The appellant submitted that the amended claims overcame the clarity and added-matter objections of the contested decision. Moreover, the appellant explained why the independent claims of each of the requests was considered to be inventive. Specifically, the arguments contained in the statement of grounds of appeal focused on the pipeline architecture and it was submitted that each integrated circuit block was adapted to require only a subset of image information for each frame period so that a plurality of the integrated circuit blocks were able to process pixel data from the same frame period in parallel. The invention enabled "each block to process separately the pixel stream which passes serially between the blocks". This was presented as being "particularly unique to the invention" and having "the advantage of allowing the invention to operate with lower latency because each block is able to produce an output from a particular section of the pixel stream and does not need to wait for all the information from a whole frame of an image before it is able to pass on its output to the next block" (see the statement of grounds, page 2, last full paragraph). Thus the pipeline architecture defined in the independent claims of each request meant that, in comparison to the prior art, less memory was required and the processing was much faster.

The case presented in the statement of grounds of appeal was therefore that, in order to solve the problems which were identified on page 1 of the application (i.e. computationally intensive processing, substantial latency and large output arrays), the processing blocks had to be arranged in a pipeline architecture and each block must be adapted to require only a subset of the image information from the previous processing block.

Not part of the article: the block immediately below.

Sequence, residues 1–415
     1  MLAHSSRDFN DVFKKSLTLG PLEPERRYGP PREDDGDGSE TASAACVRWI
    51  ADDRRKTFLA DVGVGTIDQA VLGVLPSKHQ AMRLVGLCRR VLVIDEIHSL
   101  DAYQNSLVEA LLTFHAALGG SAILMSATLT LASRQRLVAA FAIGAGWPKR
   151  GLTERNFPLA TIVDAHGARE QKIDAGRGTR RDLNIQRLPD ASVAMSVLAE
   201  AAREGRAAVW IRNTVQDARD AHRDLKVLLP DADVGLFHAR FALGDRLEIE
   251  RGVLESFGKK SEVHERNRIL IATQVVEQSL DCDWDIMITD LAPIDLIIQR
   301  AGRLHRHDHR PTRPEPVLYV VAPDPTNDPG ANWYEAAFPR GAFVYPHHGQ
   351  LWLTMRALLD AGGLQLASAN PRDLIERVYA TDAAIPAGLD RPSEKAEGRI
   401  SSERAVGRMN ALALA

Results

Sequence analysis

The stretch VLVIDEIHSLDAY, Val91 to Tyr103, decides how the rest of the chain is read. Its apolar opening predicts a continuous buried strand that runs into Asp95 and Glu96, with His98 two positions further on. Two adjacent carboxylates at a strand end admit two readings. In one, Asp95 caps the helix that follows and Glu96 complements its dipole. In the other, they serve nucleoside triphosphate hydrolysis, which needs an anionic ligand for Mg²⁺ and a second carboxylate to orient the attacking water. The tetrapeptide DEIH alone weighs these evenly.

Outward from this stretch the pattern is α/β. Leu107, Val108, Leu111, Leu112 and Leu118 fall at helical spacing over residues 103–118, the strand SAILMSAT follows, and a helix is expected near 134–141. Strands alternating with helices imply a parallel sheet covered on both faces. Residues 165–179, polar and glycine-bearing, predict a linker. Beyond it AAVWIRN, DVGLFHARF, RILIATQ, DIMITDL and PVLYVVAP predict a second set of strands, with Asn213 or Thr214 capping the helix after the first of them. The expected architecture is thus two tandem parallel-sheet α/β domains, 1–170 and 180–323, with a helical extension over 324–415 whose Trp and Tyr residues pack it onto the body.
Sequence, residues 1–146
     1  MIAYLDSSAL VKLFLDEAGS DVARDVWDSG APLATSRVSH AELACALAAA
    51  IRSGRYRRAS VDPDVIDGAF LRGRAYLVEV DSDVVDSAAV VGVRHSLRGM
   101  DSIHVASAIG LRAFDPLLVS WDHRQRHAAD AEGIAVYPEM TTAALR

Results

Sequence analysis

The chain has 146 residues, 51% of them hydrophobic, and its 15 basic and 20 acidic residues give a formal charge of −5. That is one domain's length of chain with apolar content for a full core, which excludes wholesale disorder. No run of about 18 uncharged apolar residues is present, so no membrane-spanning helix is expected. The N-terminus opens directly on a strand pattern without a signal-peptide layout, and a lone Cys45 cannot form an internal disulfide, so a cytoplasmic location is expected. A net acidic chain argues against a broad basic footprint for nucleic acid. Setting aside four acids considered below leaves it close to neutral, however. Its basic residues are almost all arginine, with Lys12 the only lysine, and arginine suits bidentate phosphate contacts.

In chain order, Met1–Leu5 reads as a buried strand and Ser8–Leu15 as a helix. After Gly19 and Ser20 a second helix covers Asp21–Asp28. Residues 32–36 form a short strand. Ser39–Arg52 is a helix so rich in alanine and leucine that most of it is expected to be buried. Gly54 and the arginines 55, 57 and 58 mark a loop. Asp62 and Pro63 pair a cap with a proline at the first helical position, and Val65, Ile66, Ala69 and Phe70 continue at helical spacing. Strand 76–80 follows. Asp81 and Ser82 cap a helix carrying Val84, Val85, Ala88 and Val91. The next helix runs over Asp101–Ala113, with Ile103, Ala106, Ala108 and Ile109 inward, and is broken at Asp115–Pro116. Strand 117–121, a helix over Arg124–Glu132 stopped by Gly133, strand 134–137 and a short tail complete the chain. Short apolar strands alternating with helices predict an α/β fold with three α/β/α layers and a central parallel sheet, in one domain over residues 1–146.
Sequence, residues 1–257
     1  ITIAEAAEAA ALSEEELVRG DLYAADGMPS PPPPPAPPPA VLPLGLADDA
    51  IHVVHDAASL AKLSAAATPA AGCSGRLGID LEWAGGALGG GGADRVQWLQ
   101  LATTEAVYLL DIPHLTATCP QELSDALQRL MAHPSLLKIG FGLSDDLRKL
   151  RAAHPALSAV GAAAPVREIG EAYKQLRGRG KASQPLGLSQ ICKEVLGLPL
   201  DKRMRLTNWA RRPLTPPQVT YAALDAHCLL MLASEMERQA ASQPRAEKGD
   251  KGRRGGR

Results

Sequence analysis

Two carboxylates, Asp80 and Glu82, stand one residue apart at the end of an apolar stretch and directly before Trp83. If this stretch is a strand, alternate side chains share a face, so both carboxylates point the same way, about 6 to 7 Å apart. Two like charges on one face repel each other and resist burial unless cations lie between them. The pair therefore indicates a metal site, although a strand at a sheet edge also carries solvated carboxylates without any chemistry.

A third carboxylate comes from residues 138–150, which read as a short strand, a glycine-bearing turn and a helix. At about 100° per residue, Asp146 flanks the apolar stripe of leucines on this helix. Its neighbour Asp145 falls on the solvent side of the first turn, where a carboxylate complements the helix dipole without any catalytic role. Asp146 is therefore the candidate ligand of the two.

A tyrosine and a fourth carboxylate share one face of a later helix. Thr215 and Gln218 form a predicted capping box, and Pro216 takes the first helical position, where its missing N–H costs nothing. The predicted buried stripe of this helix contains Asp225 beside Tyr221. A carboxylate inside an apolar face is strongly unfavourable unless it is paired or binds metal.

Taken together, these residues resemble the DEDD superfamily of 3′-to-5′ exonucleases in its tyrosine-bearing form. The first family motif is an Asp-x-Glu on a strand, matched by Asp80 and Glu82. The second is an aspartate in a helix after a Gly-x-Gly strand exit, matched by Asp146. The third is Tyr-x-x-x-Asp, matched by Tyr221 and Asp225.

2.3 In response the Board's communication of 17 December 2014, two new sets of claims were filed corresponding to a new main request and a new auxiliary request.

In the independent claims of these requests, all references to the pipeline architecture and to the parallel processing capability have been removed.

Instead, the independent claims of both requests now refer to "a segmentation processor (310) to identify a plurality of objects of interest in an image by using edge detection filters to detect areas in a top or plan view projection that represent said objects".

In the letter dated 24 March 2015 accompanying these new requests, the appellant submitted that this feature distinguished the subject-matter of the independent claims from the prior art. In comparison to D8, which detected different areas of an image by detecting motion of objects on a pixel-by-pixel basis, the use of edge detection filters "achieves image processing by a simpler and hence faster and more efficient means and uses less resources such as processing power and memory".

2.4 In accordance with Article 13(1) RPBA, "Any amendment to a party's case after it has filed its grounds of appeal ... may be admitted and considered at the Board's discretion".